Semiconductor IP players like ARM Holdings (NASDAQ:ARMH) and InterDigital (NASDAQ:IDCC) have benefitted immensely from the booming sales of smartphones. ARM dominates the mobile computing space and has sets its sights on Intel’s (NASDAQ:INTC) domain of traditional computing. InterDigital, which has about 1,300 patents in cellular technology, recently announced that it is considering strategic alternatives, including a sale. Apple and Google are said to be among the interested companies. Let’s take a closer look.
Over the past year, the number of lawsuits in the smartphone industry has mounted, as has the competition. Apple has filed lawsuits against HTC, Samsung which use Google’s Android OS. Early this month, the U.S. International Trade Commission made a preliminary ruling in favor of Apple against HTC. Ryan Kim on GigaOM says that Android’s legal issues are reportedly prompting Asian manufacturers to reassess their mobile platform options, and Google will need to ramp up its efforts for Android to remain successful.
Patent ownership has thus become a major issue, and patents have become tremendously valuable. A consortium of vendors including Apple, Microsoft, Research in Motion recently bought Nortel Network’s patents for $4.5 billion. The final price is said to be five times the initial bid made by Google. Apple is reported to have paid $2.6 billion for the acquisition. Nortel’s portfolio of 6,000 patents relate to areas such as the wireless, Internet search, social networking, data networking, optical, voice, service provider, and the semiconductor sectors.
Danielle Kucera, Zachary Tracer, and Rita Nazareth on Bloomberg say that InterDigital’s 8,800 patents could be more valuable than the Nortel patents and the Apple–Google rivalry could drive up the value by 50%. InterDigital, with annual revenue of $394.5 million, saw its market cap rise to $3.4 million following its announcement last week. It is trading around $74, very close to the $75 valuation assigned by guest author Vijay Nagarajan three years ago.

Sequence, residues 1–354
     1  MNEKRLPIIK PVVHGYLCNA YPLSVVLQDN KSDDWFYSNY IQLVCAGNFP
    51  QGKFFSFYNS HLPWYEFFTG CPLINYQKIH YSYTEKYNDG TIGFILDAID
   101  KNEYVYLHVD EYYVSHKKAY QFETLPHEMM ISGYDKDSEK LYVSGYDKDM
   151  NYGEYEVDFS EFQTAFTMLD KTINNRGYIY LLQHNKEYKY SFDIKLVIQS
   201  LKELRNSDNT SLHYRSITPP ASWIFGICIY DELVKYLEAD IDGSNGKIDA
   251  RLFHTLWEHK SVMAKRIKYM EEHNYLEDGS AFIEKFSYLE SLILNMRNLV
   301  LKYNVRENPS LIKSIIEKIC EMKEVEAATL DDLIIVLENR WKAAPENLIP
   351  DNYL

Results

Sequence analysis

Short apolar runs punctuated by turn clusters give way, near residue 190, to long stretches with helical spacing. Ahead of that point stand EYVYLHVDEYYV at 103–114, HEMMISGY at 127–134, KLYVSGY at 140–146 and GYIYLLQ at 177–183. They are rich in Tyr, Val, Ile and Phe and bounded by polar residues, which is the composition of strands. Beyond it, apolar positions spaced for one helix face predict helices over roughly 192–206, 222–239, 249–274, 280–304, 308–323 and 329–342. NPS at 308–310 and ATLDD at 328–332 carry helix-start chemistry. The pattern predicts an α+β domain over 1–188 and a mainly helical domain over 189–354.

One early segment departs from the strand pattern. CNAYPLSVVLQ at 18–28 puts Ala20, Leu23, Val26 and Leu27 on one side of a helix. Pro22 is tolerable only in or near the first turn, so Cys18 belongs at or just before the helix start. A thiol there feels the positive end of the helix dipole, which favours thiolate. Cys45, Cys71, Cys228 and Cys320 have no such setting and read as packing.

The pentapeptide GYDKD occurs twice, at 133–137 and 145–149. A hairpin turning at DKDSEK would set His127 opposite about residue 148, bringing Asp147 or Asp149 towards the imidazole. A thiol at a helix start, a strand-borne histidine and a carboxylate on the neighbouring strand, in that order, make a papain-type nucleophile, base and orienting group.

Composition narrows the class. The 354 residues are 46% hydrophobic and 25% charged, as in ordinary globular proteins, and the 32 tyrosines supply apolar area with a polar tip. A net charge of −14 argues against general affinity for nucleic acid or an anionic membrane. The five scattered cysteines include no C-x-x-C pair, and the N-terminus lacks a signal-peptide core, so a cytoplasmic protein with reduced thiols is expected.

ARM this week reported second quarter revenue of £117.8 million ($190.2 million), up 27%. Normalized profit before tax increased 25% to £54.2 million ($88.3 million). Analysts were expecting pretax profit of £45.3 million on revenue of £109.1 million.
During the quarter, ARM shipped 1.1 billion ARM-processor-based chips into mobile phones and tablets and 0.8 billion ARM-based chips into a broad range of end applications, including digital TVs, disk drives, and microcontrollers. It signed 29 processor licenses for a range of applications including smartphones, mobile computers, servers, and smartcards. It also signed five licenses for its Mali graphics processor.
Despite its strong performance in the quarter, ARM hasn’t changed its forecast for the year. For the second half of 2011, ARM expects revenue of $385 million, which is less than analysts’ estimate of $395 million. ARM said Q4 royalties are harder to predict as continuing macroeconomic uncertainties may impact consumer confidence.
The stock is trading around $29 with market cap of about $39 billion. It hit a 52-week high of $30.27 on February 7. ARM’s share price as well as its computing efforts got a boost from Microsoft’s announcement that future generations of Windows operating system will support ARM-based chips. There is increased confidence in ARM’s chip designs, and Google also announced recently that its Chrome operating system will run on ARM technology. That doesn’t sound good for Intel.
Intel recently reported second quarter revenue of $13 billion, up 21% y-o-y. Net income was $3 billion or $0.54 per share, up 2% y-o-y. Gross margin was 61%, slightly down from the last quarter. Analysts were expecting earnings of $0.51 on revenue of $12.8 billion. Intel repurchased stock for about $2 billion and paid dividends of $961 million.
Intel said demand for its latest product, Sandy Bridge, remained strong. PC Client revenue was up 11% y-o-y; Data Center revenue was up 11 % y-o-y; Atom microprocessor and chipset revenue of $352 million was down 15% y-o-y, and other Intel architecture revenue was up 84% y-o-y. The acquisitions of Infineon Wireless Solutions and McAfee, now Intel Mobile Communications, contributed $1 billion in revenue.
Intel expects third quarter revenue to be $14 billion, plus or minus $500 million, and gross margin of 64% plus or minus a couple of percentage points. Analysts expect $13.5 billion in revenue for the third quarter. The stock is trading around $23 with market cap of about $121 billion. It hit a 52-week high of $23.96 on May 18.